The problem with Star Wars reviewers is that they have grown old –
yet still expect Star Wars to grow old in complexity along with them. What is a bitter pill for them to swallow is that Star Wars is no longer for their audience.
J.J. Abram’s Star Wars is made to court the twelve year-olds who are going to grow up with the franchise and sustain its commercial value. Had he made it overly complex, half-way through the movie he would have lost the interest of the average twelve year-olds. As they grow older, the series will grow along with them – not with the current reviewers.
There is also a matter of this: according to wired.com,
Luckily, The Force Awakens’ new cast—particularly Rey (Daisy Ridley) and Finn (John Boyega)—have proven really popular with new audiences, and one underserved demographic in particular. “One of the big criticisms before The Force Awakens was that Star Wars mostly appealed to guys and kids. It’s been able to do these huge numbers because that status quo is changing,” says Shawn Robbins, senior analyst for BoxOffice.com.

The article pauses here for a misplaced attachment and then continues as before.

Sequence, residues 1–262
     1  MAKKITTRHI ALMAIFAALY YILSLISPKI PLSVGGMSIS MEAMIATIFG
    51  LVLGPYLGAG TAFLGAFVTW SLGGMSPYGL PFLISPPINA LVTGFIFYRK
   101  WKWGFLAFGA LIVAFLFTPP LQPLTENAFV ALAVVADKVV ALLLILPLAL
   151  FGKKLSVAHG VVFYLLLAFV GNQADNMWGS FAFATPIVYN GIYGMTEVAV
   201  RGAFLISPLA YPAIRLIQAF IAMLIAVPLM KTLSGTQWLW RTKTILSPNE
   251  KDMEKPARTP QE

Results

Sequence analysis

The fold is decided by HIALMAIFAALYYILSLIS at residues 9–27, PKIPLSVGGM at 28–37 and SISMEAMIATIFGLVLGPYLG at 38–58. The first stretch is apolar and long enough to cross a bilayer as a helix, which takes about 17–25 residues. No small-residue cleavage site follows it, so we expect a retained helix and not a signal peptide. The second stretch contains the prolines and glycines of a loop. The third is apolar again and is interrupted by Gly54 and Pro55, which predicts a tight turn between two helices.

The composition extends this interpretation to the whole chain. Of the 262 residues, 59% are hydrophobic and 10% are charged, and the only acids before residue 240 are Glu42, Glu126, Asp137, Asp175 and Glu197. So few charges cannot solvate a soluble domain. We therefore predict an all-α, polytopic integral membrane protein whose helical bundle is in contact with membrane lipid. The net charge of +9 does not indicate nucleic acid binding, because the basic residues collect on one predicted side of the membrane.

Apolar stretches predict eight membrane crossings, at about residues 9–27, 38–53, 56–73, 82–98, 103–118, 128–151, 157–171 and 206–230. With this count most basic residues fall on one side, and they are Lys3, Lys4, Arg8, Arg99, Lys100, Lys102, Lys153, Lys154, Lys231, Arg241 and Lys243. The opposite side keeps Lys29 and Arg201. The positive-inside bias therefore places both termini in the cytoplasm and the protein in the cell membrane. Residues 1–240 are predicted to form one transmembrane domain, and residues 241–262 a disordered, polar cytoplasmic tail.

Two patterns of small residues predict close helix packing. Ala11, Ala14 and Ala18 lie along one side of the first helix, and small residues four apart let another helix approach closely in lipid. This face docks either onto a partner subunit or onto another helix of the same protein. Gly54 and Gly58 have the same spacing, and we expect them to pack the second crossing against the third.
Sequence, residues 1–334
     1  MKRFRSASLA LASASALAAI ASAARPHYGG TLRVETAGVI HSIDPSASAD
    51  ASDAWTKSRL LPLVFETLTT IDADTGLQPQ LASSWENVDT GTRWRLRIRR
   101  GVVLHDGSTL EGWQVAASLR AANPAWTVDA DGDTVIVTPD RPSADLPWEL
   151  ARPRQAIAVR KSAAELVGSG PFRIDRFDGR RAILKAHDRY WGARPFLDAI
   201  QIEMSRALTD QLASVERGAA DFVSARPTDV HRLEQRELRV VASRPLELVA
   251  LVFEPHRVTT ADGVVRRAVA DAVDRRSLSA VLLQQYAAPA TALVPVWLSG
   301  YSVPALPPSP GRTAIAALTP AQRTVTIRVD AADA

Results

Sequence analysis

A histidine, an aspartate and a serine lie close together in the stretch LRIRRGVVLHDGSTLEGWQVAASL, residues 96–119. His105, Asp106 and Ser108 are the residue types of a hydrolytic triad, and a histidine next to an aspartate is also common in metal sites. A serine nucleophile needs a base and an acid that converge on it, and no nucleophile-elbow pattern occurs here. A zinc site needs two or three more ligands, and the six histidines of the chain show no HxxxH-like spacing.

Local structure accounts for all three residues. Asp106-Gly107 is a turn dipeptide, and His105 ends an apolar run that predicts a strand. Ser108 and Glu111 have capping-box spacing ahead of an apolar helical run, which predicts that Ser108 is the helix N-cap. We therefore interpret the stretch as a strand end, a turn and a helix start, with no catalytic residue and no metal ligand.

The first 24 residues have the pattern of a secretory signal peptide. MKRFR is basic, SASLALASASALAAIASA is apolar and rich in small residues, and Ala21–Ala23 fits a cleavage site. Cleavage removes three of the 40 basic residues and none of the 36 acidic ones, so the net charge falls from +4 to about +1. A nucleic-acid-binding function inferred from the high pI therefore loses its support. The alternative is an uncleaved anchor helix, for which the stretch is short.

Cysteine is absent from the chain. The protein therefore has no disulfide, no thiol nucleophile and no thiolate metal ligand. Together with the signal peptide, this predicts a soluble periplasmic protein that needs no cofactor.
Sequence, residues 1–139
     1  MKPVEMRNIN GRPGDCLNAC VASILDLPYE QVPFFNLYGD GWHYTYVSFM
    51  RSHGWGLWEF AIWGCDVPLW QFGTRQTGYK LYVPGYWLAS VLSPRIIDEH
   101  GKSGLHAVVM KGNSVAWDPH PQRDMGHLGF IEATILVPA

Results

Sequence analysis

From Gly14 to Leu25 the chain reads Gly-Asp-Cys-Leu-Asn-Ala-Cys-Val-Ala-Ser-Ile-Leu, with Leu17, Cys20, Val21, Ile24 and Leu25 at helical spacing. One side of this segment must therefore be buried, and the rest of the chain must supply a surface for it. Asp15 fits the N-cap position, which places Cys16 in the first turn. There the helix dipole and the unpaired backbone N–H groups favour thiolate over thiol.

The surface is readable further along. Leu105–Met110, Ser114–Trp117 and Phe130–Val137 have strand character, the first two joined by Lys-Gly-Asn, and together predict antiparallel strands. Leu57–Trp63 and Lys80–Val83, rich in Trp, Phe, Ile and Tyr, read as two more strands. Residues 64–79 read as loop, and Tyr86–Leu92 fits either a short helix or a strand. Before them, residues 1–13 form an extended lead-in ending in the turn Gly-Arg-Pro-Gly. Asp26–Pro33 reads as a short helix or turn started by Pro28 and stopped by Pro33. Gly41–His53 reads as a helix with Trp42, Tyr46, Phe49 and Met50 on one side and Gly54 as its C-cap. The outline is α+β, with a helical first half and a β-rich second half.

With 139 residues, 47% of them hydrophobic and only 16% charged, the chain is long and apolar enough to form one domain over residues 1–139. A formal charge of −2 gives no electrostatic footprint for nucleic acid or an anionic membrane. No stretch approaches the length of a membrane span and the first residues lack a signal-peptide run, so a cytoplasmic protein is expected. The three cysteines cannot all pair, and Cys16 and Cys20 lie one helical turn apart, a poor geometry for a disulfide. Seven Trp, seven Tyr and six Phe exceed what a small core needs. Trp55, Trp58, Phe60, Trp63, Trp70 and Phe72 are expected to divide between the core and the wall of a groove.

“There have been a lot of women coming out to see these movies.” Women and new young fans could be what puts The Force Awakens over the $2 billion worldwide box office mark (and help it beat Avatar’s nearly $2.8 billion worldwide BO take), but it could also keep numbers high for future installments, like the Felicity Jones-helmed Rogue One.
If you think Abrams has sold out – perhaps, but it’s better to think of him as pushing a restart button and starting out gently for the benefit of the younger generation (and other newbies). To know whether Star Wars: The Force Awakens is good or bad you should ask a twelve year-old, or a woman. Your over-analysing is pointless, this movie by Disney is made to please the Disney generation and new fans, not that one group of homogeneous reviewers.
Rather than over-analysing, appreciate the fact that this will create new Star Wars fans who will enjoy the entire series – going back to the old and anticipating the new – as they grow up.